Software Engineer vs. Computer Programmer

A developer by any other name would smell like coffee.

March 30, 2019 by Keith Ott

People who write software for a living go by many names: computer programmer, software developer, software engineer, heck, even sometimes the (derogatory) term code monkey. But what’s the difference? One might say it’s a difference in education, or its just semantics and it’s all the same. If we’re specifically talking software engineer versus computer programmer, I believe there is a world of difference.

The character selection screen of Dead or Alive 5.
I can't think of any fighting games that feature a software engineer and a computer programmer, so I guess this will have to have play out in a blog post instead.

What differentiates a software engineer from a computer programmer is the software engineer’s capacity for critical thinking and the desire to work towards a better solution. To put it bluntly, a computer programmer blindly follows direction, whereas a software engineer takes an active role in the development of the product.

Before you write me off as being a pretentious gate keeper, let me give you a real world example. Let’s say you’re working on an e-commerce website, and your boss said customers are complaining because when they change their shipping speed on the checkout page, the cost of shipping isn’t updating correctly. Your boss wants you to add a button that the user can click to recalculate the shipping cost. Let’s see how our programmer and our software engineer tackle this:

How a Computer Programmer Tackles This Issue

Computer programmer: Okay boss! code code code All done!

Later

Customers: Why did my credit card get charged more? calls customer service What do you mean, I have to click a button when I change my shipping speed? This is dumb, I’m shopping at Amazon from now on!

How a Software Engineer Handles This Issue

Software engineer: Wait, let’s think about this. Why make the user click a button? When they change the value in the drop-down, we can just recalculate it for them automatically. It will take about the same amount of effort to implement but it would mean a better user experience.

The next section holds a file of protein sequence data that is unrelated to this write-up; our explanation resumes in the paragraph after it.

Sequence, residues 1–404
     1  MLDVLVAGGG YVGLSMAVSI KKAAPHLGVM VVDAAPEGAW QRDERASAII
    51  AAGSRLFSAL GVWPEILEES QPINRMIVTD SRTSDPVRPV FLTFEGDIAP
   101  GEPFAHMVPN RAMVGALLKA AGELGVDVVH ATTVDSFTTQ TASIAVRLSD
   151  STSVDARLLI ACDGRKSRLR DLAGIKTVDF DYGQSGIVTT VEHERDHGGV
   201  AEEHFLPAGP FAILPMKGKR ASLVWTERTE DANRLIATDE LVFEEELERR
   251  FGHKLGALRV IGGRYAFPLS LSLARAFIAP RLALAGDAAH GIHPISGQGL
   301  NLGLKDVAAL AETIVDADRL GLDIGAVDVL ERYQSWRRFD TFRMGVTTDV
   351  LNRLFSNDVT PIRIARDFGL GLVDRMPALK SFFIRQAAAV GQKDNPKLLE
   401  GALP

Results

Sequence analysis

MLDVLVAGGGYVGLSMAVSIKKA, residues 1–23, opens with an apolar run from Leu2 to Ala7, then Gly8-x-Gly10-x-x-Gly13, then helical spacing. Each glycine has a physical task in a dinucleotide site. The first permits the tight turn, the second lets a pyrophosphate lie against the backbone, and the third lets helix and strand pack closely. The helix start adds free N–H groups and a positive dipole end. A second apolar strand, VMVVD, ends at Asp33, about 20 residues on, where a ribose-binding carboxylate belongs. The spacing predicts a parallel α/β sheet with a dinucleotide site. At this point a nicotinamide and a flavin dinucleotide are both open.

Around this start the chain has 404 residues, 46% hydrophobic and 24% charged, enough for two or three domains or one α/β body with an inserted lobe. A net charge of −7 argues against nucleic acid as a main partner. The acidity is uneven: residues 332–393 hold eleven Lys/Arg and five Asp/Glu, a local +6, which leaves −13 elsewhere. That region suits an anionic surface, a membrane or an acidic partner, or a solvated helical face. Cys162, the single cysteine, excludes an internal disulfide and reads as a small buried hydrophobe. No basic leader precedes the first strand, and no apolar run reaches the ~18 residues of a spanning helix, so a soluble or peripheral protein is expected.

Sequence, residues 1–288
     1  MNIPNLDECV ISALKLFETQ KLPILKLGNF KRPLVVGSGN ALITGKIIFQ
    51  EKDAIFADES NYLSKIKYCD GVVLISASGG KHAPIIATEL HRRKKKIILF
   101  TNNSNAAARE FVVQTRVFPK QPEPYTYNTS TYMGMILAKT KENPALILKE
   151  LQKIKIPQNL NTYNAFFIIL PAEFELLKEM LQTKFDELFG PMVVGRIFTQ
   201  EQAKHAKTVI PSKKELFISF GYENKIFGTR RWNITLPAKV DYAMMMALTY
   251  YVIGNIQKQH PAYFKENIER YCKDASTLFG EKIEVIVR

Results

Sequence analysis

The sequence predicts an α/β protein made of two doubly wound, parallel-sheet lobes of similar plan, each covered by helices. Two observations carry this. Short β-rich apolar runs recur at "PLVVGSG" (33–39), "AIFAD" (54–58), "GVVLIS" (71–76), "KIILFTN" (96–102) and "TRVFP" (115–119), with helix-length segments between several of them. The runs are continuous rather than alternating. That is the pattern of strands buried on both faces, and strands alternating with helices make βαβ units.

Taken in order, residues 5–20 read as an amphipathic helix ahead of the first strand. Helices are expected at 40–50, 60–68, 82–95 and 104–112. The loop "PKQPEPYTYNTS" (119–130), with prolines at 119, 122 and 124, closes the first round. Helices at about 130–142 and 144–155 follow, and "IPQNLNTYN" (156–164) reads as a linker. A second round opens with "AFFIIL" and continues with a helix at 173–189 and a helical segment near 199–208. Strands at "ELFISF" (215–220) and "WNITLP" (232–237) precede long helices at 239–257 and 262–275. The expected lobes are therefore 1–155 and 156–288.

Boss: I figured that would be too much work to implement, so I didn’t suggest it! Let’s do that instead.

Software engineer: To take it a step further, how often are they changing their shipping speed? Should we default to a faster speed and save them a click?

Boss: I’m not sure about changing the default quite yet. I’ll run a report to see what shipping speeds most people use, and I’ll also consult with our marketing department. I’ll add a story to the backlog if we want to change it.

Later

Customers: nothing because a good user experience is transparent

The software engineer takes real ownership of the experience and is willing to push back where it makes sense. Of course, this should be done within reason; sometimes things just need to get done, sometimes things should just be “good enough”, and sometimes battles just aren’t worth fighting.

That’s just Wasting Time!

Now, you might be saying the software engineer is just gold plating (adding unnecessarily to the scope) and that the boss wouldn’t ask for something that isn’t needed. I’ve worked at a variety of companies, varying in size and software engineering maturity, and I’ve yet to consistently see finalized requirements come across my desk. In my experience, there needs to be some collaboration to get to the best solution.

Plus, what about trade-offs the boss might not know about? For example, if requirement is to build some feature, a software engineer might realize if they leverage a feature of their platform instead of writing it from scratch, they can get 80% of the requested features in 20% of the time. Wouldn’t that be a trade-off the boss would at least like to weigh?

I’m reminded of the quote that is often attributed to Henry Ford, “If I asked people what they wanted, they would have said faster horses.” Really understanding the problem and coming up with a solution that addresses the core problem – not just the symptoms – is what differentiates a software engineer from a computer programmer.

Like this post? Please share it!

Back to Blog Posts

You may also like:

Blazor: First Look and Impressions

My impressions after a first look at Blazor and WebAssembly Read more...

Staying Cool When Firefighting Production Outages

Learn to stay cool when fixing production outages Read more...